According to GVC’s research, 75 percent of people surveyed in the Bekaa expressed dissatisfaction with the quality and reliability of their water services.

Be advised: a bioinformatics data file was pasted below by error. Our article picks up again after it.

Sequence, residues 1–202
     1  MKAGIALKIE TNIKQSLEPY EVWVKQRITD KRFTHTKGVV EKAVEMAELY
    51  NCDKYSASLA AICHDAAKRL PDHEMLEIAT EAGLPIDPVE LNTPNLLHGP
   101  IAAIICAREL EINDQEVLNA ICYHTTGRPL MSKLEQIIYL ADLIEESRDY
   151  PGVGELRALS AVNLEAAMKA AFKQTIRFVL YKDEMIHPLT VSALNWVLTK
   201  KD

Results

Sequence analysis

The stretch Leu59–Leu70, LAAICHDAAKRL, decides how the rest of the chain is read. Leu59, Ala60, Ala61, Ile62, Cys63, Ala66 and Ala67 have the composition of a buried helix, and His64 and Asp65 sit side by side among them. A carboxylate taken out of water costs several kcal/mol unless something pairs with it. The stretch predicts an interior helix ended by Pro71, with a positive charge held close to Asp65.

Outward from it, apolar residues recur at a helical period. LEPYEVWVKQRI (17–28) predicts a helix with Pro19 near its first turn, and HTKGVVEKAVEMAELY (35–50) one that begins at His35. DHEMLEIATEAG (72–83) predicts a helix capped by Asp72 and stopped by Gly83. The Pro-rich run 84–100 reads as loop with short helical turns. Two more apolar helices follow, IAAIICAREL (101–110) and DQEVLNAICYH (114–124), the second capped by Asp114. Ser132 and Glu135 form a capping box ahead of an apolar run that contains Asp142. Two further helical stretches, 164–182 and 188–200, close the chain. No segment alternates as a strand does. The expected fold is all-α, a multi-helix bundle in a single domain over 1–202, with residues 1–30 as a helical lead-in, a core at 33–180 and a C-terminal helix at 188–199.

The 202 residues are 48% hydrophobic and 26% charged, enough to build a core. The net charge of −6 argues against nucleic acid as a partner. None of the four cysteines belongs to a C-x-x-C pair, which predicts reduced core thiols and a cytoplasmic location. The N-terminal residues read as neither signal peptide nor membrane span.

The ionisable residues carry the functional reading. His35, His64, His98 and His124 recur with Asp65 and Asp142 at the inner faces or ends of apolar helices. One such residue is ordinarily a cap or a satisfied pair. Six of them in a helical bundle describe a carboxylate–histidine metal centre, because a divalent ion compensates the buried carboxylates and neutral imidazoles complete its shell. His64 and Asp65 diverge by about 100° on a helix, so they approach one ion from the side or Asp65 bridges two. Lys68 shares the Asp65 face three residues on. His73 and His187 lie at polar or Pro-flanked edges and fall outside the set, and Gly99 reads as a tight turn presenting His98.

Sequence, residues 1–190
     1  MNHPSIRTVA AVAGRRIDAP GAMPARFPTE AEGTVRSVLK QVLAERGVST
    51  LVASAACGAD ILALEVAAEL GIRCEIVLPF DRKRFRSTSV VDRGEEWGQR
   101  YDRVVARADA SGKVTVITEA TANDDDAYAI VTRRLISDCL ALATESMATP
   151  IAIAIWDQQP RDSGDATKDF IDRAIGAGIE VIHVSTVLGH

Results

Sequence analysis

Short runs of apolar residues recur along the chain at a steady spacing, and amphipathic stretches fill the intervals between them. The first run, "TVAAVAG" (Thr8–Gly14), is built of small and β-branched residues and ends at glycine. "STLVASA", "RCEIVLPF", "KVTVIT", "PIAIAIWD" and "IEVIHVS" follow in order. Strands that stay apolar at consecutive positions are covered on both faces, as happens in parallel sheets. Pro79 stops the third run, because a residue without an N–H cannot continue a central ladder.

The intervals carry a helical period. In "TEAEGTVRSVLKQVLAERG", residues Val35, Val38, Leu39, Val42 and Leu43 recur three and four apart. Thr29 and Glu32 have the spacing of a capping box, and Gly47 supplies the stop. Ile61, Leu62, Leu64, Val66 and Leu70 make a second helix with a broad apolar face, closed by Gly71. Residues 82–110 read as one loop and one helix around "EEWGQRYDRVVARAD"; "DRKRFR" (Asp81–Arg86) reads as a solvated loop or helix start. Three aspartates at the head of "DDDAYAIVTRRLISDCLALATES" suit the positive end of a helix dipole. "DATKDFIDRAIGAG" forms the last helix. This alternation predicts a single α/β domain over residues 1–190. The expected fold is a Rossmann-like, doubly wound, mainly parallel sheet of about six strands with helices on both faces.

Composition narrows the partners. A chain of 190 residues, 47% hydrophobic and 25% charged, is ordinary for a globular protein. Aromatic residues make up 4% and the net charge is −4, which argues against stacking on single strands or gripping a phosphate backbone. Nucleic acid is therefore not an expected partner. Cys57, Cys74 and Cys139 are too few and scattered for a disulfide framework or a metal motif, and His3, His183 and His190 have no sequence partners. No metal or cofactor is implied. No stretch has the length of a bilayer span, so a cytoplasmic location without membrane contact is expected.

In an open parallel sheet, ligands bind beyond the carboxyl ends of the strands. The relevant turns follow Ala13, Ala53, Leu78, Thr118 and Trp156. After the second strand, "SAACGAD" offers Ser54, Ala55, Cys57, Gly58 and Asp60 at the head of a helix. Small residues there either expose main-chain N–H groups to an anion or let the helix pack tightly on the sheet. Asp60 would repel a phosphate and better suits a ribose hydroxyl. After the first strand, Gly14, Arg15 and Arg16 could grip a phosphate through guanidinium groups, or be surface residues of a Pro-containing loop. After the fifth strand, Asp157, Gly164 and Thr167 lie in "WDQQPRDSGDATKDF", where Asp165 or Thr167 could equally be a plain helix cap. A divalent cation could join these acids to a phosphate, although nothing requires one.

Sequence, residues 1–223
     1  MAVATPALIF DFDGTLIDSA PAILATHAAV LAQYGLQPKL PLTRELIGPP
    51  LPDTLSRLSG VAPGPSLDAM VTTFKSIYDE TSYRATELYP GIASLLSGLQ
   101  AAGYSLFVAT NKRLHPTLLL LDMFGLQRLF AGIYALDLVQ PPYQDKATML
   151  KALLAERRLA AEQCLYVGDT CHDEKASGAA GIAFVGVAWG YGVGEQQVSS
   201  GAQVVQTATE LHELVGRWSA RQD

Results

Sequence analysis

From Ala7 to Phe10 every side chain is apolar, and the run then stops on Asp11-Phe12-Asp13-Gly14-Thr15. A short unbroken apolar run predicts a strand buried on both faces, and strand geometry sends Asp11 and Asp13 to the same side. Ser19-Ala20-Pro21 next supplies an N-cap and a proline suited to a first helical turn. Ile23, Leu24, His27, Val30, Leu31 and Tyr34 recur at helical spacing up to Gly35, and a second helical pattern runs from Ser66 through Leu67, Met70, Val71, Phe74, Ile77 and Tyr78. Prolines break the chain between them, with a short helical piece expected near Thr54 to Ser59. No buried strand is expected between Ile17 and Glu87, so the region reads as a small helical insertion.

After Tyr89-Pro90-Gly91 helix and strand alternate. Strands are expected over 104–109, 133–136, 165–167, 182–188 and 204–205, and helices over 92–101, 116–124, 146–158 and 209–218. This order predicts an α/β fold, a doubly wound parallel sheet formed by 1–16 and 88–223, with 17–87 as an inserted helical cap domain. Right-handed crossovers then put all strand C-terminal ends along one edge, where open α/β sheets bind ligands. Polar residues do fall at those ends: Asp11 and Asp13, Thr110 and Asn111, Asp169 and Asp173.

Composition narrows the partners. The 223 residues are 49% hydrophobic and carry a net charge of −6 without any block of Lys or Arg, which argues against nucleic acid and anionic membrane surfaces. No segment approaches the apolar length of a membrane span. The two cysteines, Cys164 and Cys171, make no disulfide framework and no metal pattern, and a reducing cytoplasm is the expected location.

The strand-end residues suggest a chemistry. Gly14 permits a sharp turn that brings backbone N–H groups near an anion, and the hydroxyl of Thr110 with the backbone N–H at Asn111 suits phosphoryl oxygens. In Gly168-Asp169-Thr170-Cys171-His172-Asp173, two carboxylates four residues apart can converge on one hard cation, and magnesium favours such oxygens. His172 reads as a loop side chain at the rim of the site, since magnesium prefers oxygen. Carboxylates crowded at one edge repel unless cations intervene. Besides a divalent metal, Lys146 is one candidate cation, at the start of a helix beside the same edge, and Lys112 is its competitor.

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Enraged by shoddy services, many residents of the Bekaa Valley have stopped paying water bills altogether in protest.Mismanagement of Lebanon's ongoing water crisis has made public access to the resource difficult in the driest season of the year, and although water is theoretically accessible to everyone, reality tells another story.According to recent research conducted by Italian NGO Gruppo di Volontariato Civile (Civil Volunteer Group, or GVC), 75 percent of people surveyed in the Bekaa expressed dissatisfaction with the quality and reliability of their water services.Those with means to provide it are more than happy to exploit consumers, creating a new "black market" for water.The demand for water should not dramatically outweigh supply. According to a 2015 research report published by the Issam Fares Institute, Lebanon yields around 2,700 million cubic meters of water, while annual demand is between 1,473 and 1,530 million cubic meters.In addition to water establishments, municipalities and residents, the private sector could benefit from proper management by tapping into consumers that currently rely on poor third party sources.
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